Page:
Hayek’s first sortie to Cambridge to explain the slump left his audience baffled. Eventually, Keynes’s assistant Richard Kahn asked: “Is it your view that if I went out tomorrow and bought a new overcoat that would increase unemployment?” “Yes,” Hayek replied, pointing to a blackboard full of triangles, “but it would take a very long mathematical argument to explain why.” Mystification was increased by the fact that students could never tell whether Hayek was speaking English with a strong German accent or German with an English accent.

Over the 1930s most of Hayek’s students at the LSE, notably Nicky Kaldor, defected to the Keynesian camp. The reason is obvious: in the face of the greatest economic catastrophe of modern times, he had no policy to offer except general belt-tightening. The softly spoken, reasonable sounding professor from Vienna with the ambiguous smile turned out to be a sadistic deflationist. Even his patron Lionel Robbins deserted him, writing in his memoirs that Hayek’s attitude “was as unsuitable as denying blankets and stimulus to a drunk who had fallen into any icy pond, on the ground that his original trouble was overheating.” Yet Hayek never changed his tune. In the early 1980s he told Thatcher that the only way to kill inflation was to have 20 percent unemployment for six months.

He more or less gave up technical economics after his battles with Keynes and the Keynesians, and switched to the intellectual course which would eventually bring about his apotheosis. His target this time was the planning movement, then very much in vogue among left-leaning intellectuals. “Socialist planning,” boosted by its “success” in the Soviet Union, was their answer to capitalism’s distempers. Against this, Hayek claimed that “economic calculation” required prices; prices reflected individual choices; those choices could not be known in advance by the planners; they were “discovered” by market transactions, which co-ordinated them.

Hayek’s shift was a retreat from economics to political economy. Rather than trying to “prove” the theoretical perfection of the market system, he started to argue that, imperfect though the market system was, in the long run central planning systems were bound to be worse: worse for efficiency and much worse for liberty. It was the “fatal conceit” of the planner to believe he could somehow hoover up all the dispersed knowledge (including the subjective preferences) of millions of people into a central planning ministry and apply it to solve economic problems. Rather, it was the price system itself which “discovered” this knowledge and coordinated individual plans. He called his own “discovery” that social knowledge is subjective and dispersed the “most exciting moment” of his life. Caldwell agrees: Hayek’s discovery of the “knowledge problem” was his “most enduring legacy in economics.”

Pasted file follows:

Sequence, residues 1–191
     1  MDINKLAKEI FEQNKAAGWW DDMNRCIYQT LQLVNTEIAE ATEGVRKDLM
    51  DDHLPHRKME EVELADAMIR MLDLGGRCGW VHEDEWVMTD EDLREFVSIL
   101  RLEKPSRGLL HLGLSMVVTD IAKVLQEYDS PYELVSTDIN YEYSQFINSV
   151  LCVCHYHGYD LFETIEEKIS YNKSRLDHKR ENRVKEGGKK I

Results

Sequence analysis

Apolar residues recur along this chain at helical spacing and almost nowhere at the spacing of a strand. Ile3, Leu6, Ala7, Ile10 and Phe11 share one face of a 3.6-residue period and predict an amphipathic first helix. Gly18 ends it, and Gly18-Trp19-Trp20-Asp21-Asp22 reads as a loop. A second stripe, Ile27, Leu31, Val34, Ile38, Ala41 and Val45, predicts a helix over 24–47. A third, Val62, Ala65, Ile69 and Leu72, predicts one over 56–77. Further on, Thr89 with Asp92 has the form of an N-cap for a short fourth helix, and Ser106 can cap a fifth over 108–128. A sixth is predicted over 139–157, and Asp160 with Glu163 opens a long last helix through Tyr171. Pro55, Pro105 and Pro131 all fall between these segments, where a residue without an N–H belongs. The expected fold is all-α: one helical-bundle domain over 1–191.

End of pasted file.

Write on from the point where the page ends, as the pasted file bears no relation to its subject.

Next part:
However, while powerful, the contrast he offered between individualism and collectivism was too restrictive. It omitted the fact that a great deal of dispersed (or “tacit”) knowledge was to be found in local communities, which are not market actors. Both conservative and socialist communitarian critiques of central planning escaped Hayek’s gaze.

While the Keynesian revolution seized control of Cambridge economics, the LSE became the site of the battle between the planners and market liberals. “Imagine the lucky student,” the authors enthuse, “who in the summer term of 1936-7 could watch Hayek lecture on why a collectivist economic system could not work from 5-6 on Thursday evenings, and then hear [Evan] Durbin explain how to run a collectivist economy from 6-7!”

Hayek’s classic The Road to Serfdom was the outcome of the “socialist calculation” debate. His polemical point was that while the democratic powers believed they were battling for freedom against tyranny, their commitment to “democratic” planning would inevitably lead to the same result, since it would progressively impair the market system. Churchill claimed in his losing general election campaign of 1945 that a Labour party victory would lead to a “kind of Gestapo’; but Hayek’s main popular appeal was to the anti-Roosevelt right in the USA. He never considered that Roosevelt’s New Deal might have been an antidote to serfdom rather than a prelude to it. As an American reviewer pointed out acidly: “The preparation for an electrocution and an electrocardiogram is the same, up to a point.”

The last five years covered by this volume saw Hayek build an institutional basis for free market economics. Influenced by the experience of intellectual life in pre-first world war Vienna, he had always been a man of circles and groups on the edge of standard university courses. Thus in the second world war he proposed an “English Speaking College of Social Studies for Central Europe,” located in Vienna, to educate “an elite with a certain common tradition of ideas, values and forms of discourse”: that is, a post-war Europe instructed by philosopher kings. More immediately successful and enduring was the Mont Pelerin Society, which he started in 1947 as an academy for liberal thought. This institution-building took place against the background of Hayek’s relocation from the LSE to Chicago University, where an American businessman guaranteed his salary, his messy divorce from Helena Fritsch, his marriage to his first love “Lenerl” Bitterlich and his break with his English patron Lionel Robbins.

Hayek once said that for your ideas to succeed you had to outlive those who hate them. He died in 1992, aged ninety-two, at the height of his fame. The second volume of this biography promises to be a vindication of his dictum.

This article was originally published in The Spectator’s UK magazine. Subscribe to the World edition here.